My Department also provides funding to the Irish Deaf Society under the Scheme for Supporting National Organisations (SSNO). This scheme provides multi-annual funding towards core costs of national organisations in the sector, with a focus on organisations that provide supports to those who are disadvantaged. The current iteration of the scheme runs from 1 July 2016 to 30 June 2019 and the funding allocation provided to the Irish Deaf Society under the 36 month period of the scheme is €269,700.

Furthermore, I can confirm that my Department is providing funds (under the Digital Innovation Programme), in the order of some 8,000, to the HSE Tipperary Town Gold Star Disability Awareness Project, which, working in partnership with a number of specialist agencies in the community, including DeafHear.ie and Tipperary County Council, aims to create and design an interactive learning tool to work with young people and members of the Deaf community in Tipperary.  This is suitable for use with young people in post primary schools and anyone who has an interest in learning to communicate through Irish Sign Language.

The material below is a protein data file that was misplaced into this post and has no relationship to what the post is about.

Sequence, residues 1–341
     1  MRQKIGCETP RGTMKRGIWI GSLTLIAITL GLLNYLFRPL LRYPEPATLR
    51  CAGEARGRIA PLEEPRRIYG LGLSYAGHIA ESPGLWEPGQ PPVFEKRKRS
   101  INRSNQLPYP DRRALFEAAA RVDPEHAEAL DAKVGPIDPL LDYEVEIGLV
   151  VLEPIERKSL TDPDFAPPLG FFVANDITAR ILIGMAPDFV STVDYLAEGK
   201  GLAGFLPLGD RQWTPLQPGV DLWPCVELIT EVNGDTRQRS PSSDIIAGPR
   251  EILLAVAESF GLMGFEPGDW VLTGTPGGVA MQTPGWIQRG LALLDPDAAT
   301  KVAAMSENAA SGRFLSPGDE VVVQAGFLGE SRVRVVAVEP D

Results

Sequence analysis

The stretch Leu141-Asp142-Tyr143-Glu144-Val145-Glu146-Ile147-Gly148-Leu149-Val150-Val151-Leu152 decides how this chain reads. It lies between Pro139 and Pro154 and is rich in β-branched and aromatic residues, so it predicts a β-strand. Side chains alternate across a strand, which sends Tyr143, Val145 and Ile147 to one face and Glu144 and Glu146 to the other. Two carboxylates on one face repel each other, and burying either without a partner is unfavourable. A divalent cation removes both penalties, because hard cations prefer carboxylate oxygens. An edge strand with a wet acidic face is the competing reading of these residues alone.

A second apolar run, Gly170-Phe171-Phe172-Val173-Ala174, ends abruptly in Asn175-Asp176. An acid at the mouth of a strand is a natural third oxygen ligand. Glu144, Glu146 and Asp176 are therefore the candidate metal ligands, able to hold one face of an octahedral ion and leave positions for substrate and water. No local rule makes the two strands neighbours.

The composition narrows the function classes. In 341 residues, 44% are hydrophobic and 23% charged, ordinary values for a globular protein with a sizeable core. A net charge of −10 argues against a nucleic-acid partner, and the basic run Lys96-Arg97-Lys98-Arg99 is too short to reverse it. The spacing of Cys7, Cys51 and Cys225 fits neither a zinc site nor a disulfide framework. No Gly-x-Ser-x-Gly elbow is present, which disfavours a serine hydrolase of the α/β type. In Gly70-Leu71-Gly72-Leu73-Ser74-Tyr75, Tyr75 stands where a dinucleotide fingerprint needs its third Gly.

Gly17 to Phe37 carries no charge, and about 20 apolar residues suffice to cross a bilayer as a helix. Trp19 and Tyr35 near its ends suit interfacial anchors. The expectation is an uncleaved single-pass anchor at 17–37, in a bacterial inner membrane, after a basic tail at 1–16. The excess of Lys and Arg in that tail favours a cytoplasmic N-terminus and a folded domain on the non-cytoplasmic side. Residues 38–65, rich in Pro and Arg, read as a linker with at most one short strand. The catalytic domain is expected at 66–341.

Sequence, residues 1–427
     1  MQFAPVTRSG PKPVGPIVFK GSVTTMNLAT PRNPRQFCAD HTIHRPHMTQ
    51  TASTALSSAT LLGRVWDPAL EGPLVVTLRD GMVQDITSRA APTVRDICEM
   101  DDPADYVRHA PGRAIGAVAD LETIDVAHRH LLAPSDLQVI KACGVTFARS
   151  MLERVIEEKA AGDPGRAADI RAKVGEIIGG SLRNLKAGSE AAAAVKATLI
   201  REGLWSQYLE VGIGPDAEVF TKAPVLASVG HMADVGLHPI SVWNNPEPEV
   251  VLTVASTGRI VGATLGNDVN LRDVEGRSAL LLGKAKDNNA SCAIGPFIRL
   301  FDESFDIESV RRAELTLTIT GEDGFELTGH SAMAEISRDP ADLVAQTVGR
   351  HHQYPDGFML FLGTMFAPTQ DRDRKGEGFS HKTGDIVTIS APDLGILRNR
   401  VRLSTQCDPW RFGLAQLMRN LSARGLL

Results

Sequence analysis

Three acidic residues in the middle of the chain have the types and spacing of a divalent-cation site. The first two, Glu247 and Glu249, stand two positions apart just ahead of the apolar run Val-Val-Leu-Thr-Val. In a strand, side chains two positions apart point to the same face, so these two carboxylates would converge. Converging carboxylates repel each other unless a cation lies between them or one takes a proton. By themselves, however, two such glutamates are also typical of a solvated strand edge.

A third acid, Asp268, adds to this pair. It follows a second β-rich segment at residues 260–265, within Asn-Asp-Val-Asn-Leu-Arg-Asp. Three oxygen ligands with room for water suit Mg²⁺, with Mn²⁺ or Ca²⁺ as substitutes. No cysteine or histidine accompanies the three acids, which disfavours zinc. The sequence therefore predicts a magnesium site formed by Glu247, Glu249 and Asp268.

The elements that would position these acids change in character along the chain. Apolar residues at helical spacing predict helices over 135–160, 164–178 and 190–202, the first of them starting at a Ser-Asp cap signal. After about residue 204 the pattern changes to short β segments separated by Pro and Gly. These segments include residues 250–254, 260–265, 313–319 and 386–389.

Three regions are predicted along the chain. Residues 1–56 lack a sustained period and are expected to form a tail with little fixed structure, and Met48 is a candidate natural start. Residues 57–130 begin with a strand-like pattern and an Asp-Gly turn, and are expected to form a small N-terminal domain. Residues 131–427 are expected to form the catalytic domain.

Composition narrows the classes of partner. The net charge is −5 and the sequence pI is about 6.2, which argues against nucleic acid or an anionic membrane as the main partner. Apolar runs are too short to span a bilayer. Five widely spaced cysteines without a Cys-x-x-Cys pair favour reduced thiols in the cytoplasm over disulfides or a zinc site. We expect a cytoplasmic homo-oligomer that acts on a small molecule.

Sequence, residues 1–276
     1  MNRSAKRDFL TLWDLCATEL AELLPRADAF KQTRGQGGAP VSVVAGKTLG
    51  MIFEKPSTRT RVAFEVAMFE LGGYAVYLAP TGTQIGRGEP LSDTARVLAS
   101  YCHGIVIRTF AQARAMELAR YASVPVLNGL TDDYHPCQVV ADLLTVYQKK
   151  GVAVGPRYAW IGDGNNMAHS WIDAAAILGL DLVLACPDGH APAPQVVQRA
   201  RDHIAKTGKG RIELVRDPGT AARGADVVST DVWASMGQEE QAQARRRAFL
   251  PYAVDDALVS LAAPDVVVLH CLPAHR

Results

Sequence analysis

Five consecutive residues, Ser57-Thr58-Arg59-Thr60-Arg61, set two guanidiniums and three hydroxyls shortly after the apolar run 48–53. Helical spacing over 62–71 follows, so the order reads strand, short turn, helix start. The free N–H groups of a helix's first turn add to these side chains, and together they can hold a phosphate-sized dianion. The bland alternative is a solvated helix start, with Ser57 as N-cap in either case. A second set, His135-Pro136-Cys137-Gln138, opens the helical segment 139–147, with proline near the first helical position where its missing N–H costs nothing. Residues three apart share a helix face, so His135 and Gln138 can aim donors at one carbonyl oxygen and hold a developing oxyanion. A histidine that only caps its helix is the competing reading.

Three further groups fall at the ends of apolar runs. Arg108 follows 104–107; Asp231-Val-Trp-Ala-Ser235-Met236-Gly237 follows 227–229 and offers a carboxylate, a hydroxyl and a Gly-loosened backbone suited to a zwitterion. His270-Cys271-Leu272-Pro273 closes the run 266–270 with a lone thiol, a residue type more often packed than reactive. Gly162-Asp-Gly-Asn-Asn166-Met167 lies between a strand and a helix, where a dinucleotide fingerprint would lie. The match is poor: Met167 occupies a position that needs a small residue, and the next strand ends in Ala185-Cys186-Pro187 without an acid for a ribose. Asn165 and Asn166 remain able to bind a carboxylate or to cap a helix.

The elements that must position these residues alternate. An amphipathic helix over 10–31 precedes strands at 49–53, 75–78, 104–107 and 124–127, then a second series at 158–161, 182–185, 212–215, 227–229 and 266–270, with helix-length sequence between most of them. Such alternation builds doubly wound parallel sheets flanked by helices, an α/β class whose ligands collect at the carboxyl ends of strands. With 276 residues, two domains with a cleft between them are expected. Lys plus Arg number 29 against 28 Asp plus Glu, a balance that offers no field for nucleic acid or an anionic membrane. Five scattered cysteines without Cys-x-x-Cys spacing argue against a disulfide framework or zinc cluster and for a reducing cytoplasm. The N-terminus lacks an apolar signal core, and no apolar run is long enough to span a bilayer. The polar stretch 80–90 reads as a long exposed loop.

It would also be the intention to build on the post primary school base to have a basic app available for use in all civic and public offices across the county, for all community and voluntary services. This will ensure that when a client presents to any of these services that the staff have the resource to enable them to communicate, and with the same facility replicated across the county this will ensure consistency and increase access to services throughout the county.  This project will involve the local authority, Transition Year students, students of Limerick Institute of Technology, DeafHear.ie, Tipperary Gold Star Disability Initiative and volunteers from the deaf community.

This project has the potential to significantly benefit the community, deaf and non-deaf alike. It also demonstrates a strong level of engagement across the community, demonstrating a collaborative approach to this important issue.